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Models of microbiome evolution incorporating host and microbial selection

Overview of attention for article published in Microbiome, September 2017
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About this Attention Score

  • In the top 25% of all research outputs scored by Altmetric
  • High Attention Score compared to outputs of the same age (91st percentile)
  • High Attention Score compared to outputs of the same age and source (99th percentile)

Mentioned by

blogs
1 blog
twitter
39 tweeters

Citations

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20 Dimensions

Readers on

mendeley
140 Mendeley
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Title
Models of microbiome evolution incorporating host and microbial selection
Published in
Microbiome, September 2017
DOI 10.1186/s40168-017-0343-x
Pubmed ID
Authors

Qinglong Zeng, Steven Wu, Jeet Sukumaran, Allen Rodrigo

Abstract

Numerous empirical studies suggest that hosts and microbes exert reciprocal selective effects on their ecological partners. Nonetheless, we still lack an explicit framework to model the dynamics of both hosts and microbes under selection. In a previous study, we developed an agent-based forward-time computational framework to simulate the neutral evolution of host-associated microbial communities in a constant-sized, unstructured population of hosts. These neutral models allowed offspring to sample microbes randomly from parents and/or from the environment. Additionally, the environmental pool of available microbes was constituted by fixed and persistent microbial OTUs and by contributions from host individuals in the preceding generation. In this paper, we extend our neutral models to allow selection to operate on both hosts and microbes. We do this by constructing a phenome for each microbial OTU consisting of a sample of traits that influence host and microbial fitnesses independently. Microbial traits can influence the fitness of hosts ("host selection") and the fitness of microbes ("trait-mediated microbial selection"). Additionally, the fitness effects of traits on microbes can be modified by their hosts ("host-mediated microbial selection"). We simulate the effects of these three types of selection, individually or in combination, on microbiome diversities and the fitnesses of hosts and microbes over several thousand generations of hosts. We show that microbiome diversity is strongly influenced by selection acting on microbes. Selection acting on hosts only influences microbiome diversity when there is near-complete direct or indirect parental contribution to the microbiomes of offspring. Unsurprisingly, microbial fitness increases under microbial selection. Interestingly, when host selection operates, host fitness only increases under two conditions: (1) when there is a strong parental contribution to microbial communities or (2) in the absence of a strong parental contribution, when host-mediated selection acts on microbes concomitantly. We present a computational framework that integrates different selective processes acting on the evolution of microbiomes. Our framework demonstrates that selection acting on microbes can have a strong effect on microbial diversities and fitnesses, whereas selection on hosts can have weaker outcomes.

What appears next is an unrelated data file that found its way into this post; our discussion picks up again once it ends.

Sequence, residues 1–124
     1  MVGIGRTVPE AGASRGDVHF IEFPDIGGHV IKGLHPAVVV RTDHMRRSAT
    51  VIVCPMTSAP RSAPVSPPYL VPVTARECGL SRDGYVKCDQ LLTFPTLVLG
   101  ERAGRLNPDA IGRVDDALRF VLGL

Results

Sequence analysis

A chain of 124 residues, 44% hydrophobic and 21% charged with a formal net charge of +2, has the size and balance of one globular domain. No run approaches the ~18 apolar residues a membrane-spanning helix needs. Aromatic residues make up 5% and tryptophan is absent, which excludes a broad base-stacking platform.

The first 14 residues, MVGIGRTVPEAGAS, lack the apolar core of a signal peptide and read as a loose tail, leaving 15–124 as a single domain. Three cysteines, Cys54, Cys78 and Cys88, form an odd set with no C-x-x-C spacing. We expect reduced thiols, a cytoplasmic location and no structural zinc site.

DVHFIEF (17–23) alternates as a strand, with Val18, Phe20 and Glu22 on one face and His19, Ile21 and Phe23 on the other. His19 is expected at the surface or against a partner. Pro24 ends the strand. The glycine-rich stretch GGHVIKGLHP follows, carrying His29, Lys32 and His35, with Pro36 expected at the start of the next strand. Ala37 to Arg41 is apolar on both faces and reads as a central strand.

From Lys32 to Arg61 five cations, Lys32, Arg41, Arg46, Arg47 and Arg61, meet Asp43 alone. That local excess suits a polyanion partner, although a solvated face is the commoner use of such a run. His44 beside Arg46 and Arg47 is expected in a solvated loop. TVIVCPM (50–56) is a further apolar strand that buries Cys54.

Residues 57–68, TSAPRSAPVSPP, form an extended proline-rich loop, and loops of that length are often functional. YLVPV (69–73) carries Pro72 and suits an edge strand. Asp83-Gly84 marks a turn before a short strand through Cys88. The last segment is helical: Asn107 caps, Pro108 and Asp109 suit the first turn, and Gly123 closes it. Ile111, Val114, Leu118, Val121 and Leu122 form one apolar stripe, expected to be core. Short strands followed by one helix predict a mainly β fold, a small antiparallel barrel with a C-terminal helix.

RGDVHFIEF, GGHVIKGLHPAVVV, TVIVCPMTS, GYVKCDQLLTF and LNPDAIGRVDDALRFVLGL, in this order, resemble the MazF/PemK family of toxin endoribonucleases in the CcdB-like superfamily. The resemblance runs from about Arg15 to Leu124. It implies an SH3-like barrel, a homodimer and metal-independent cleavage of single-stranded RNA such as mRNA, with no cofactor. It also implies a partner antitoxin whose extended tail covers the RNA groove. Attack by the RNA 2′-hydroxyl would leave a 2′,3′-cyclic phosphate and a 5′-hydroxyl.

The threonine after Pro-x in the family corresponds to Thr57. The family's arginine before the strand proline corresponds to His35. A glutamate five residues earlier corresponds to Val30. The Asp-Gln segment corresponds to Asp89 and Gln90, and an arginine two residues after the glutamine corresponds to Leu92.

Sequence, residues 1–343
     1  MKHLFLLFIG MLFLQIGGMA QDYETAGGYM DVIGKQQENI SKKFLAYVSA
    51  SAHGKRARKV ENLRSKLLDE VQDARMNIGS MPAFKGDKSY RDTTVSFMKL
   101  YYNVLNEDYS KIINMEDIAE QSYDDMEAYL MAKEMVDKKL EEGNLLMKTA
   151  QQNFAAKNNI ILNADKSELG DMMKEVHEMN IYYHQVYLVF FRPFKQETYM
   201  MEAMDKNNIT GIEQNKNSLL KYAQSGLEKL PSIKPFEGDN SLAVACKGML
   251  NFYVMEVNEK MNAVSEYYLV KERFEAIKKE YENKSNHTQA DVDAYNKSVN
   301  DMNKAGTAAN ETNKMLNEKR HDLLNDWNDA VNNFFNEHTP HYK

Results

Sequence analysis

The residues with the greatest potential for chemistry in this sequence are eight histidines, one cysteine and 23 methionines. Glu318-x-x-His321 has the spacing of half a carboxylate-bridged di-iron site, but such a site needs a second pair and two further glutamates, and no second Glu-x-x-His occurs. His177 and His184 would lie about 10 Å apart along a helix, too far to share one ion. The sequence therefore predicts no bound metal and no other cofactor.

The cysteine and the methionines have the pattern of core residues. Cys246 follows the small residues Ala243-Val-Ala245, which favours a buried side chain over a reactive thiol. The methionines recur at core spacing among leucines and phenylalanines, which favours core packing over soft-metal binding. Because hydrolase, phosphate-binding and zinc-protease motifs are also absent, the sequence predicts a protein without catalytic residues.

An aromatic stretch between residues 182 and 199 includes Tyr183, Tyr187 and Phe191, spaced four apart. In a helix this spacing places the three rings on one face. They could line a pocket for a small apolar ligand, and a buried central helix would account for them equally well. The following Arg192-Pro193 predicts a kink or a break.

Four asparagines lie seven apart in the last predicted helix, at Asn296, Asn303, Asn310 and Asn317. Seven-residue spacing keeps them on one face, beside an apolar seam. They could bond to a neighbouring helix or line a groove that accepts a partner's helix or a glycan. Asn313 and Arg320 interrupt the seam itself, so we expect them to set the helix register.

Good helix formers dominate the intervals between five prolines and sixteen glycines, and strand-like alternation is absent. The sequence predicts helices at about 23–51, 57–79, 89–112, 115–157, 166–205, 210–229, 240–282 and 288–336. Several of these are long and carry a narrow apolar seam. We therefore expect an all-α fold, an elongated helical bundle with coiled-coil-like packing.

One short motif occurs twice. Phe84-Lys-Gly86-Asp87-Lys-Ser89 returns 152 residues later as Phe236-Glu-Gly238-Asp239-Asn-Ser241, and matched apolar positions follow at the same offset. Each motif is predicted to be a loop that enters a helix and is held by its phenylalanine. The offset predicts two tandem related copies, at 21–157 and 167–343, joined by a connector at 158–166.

Twitter Demographics

The data shown below were collected from the profiles of 39 tweeters who shared this research output. Click here to find out more about how the information was compiled.

Mendeley readers

The data shown below were compiled from readership statistics for 140 Mendeley readers of this research output. Click here to see the associated Mendeley record.

Geographical breakdown

Country Count As %
Unknown 140 100%

Demographic breakdown

Readers by professional status Count As %
Researcher 41 29%
Student > Ph. D. Student 31 22%
Student > Master 19 14%
Student > Bachelor 8 6%
Student > Doctoral Student 5 4%
Other 17 12%
Unknown 19 14%
Readers by discipline Count As %
Agricultural and Biological Sciences 62 44%
Biochemistry, Genetics and Molecular Biology 22 16%
Immunology and Microbiology 9 6%
Environmental Science 7 5%
Engineering 3 2%
Other 10 7%
Unknown 27 19%

Attention Score in Context

This research output has an Altmetric Attention Score of 27. This is our high-level measure of the quality and quantity of online attention that it has received. This Attention Score, as well as the ranking and number of research outputs shown below, was calculated when the research output was last mentioned on 24 May 2018.
All research outputs
#935,628
of 18,035,775 outputs
Outputs from Microbiome
#313
of 1,094 outputs
Outputs of similar age
#23,968
of 286,366 outputs
Outputs of similar age from Microbiome
#1
of 7 outputs
Altmetric has tracked 18,035,775 research outputs across all sources so far. Compared to these this one has done particularly well and is in the 94th percentile: it's in the top 10% of all research outputs ever tracked by Altmetric.
So far Altmetric has tracked 1,094 research outputs from this source. They typically receive a lot more attention than average, with a mean Attention Score of 38.7. This one has gotten more attention than average, scoring higher than 71% of its peers.
Older research outputs will score higher simply because they've had more time to accumulate mentions. To account for age we can compare this Altmetric Attention Score to the 286,366 tracked outputs that were published within six weeks on either side of this one in any source. This one has done particularly well, scoring higher than 91% of its contemporaries.
We're also able to compare this research output to 7 others from the same source and published within six weeks on either side of this one. This one has scored higher than all of them